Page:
When putting together your newsletter, it's easy to get so caught up in concentrating on the sales aspect that you forget something very important, especially when it comes to email newsletters.
If your newsletter offers the subscriber no content, except for new product or service announcements and a run-down of how things are going for you, then your marketing plan will probably get little or no value from it.
I'm not saying a newsletter shouldn't have those elements included...far from it. But if that's all you have in your newsletter, you're limiting its effects, because the vast majority of people that will opt-in for it will be that group that's already interested in what your company provides.
However, if you provide content...whether it be industry news that has an impact on your customers, ways in which your products have been (or could be) used to solve a customer's problems, or...best of all...tips, tricks and information that are useful to your potential customers and help them to succeed. Providing this kind of content will accomplish several things:
- Entice people that have no current interest in what you have to offer to subscribe anyway, simply because the information they will get for free has obvious value to them.
- Give you an opportunity to point out ways in which subscribers might improve their business, and allow them to see how your business can help achieve that.
- Help establish you and your company as an "expert"...someone who knows their stuff, if you will. Customers are more likely to believe the marketing message of someone they already trust, especially if they already trust them to be an expert in the field their company specializes in.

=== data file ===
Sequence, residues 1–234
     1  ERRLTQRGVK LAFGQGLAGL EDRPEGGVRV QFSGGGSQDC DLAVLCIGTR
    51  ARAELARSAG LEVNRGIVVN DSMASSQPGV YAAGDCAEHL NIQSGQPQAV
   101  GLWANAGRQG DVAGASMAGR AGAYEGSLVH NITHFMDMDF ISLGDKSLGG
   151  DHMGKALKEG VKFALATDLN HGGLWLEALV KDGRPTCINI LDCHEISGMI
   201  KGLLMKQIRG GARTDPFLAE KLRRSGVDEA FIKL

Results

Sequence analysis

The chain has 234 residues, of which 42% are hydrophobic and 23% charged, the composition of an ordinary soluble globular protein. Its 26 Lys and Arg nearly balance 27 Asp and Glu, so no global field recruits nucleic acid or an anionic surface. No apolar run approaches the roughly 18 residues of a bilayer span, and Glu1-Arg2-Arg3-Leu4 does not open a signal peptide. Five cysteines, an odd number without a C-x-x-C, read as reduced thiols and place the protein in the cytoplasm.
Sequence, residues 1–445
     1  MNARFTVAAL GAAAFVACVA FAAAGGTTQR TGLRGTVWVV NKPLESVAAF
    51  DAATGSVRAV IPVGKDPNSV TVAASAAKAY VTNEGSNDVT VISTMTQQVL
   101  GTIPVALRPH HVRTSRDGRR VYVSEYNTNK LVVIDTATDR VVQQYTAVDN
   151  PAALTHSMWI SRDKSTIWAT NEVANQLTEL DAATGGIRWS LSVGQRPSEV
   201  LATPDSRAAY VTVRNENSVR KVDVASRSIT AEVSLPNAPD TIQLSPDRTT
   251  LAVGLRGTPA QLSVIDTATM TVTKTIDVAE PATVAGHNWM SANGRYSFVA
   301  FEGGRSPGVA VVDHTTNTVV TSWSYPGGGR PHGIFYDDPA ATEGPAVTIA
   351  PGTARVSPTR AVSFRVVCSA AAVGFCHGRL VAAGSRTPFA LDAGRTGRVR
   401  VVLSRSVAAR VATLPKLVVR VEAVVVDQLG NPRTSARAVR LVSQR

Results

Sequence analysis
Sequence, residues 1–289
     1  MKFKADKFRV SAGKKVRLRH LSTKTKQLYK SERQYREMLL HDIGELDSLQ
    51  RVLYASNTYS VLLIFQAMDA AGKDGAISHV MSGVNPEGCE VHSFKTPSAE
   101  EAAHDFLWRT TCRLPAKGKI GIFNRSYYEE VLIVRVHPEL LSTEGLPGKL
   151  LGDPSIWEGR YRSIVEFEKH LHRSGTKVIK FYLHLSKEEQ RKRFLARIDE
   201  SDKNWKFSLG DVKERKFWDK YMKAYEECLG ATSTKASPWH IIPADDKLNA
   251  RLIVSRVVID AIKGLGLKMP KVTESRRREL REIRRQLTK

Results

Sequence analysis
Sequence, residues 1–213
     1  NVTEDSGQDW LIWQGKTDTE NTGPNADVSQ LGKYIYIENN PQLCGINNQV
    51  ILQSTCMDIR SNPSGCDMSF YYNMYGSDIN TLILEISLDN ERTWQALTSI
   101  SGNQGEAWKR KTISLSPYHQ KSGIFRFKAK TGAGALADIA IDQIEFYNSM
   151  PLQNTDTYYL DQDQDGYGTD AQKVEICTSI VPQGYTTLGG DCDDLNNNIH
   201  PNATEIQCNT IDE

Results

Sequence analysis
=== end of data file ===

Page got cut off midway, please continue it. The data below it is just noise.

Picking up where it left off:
All of these can be very effective in turning browsers of your site into customers, but only if the content you provide has value.
Share your wisdom. Give advice and tips on a subject your subscribers will find interesting and important, and don't skimp on it
. This is the "free offer" in stealth mode; subscribers to your newsletter don't think of it as a "free offer", but that's what it is...you're giving them content for free that you could be trying to sell to them. It's the difference between someone loaning you money to entice you to babysit their kids, and someone handing you money because "You look hungry."
In the minds of a customer, the first offer of help seems tainted; the second builds trust and thankfulness. Make sure you're building trust with your newsletter...with high-quality, informative content.
You'll see the results.
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